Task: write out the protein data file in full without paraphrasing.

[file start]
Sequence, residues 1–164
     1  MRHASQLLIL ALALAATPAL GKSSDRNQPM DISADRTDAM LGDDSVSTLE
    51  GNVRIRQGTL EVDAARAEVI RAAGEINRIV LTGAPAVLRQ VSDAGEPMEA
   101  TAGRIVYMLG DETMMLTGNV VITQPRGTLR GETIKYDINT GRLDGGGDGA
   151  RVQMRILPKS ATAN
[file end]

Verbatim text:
Sequence, residues 1–164
     1  MRHASQLLIL ALALAATPAL GKSSDRNQPM DISADRTDAM LGDDSVSTLE
    51  GNVRIRQGTL EVDAARAEVI RAAGEINRIV LTGAPAVLRQ VSDAGEPMEA
   101  TAGRIVYMLG DETMMLTGNV VITQPRGTLR GETIKYDINT GRLDGGGDGA
   151  RVQMRILPKS ATAN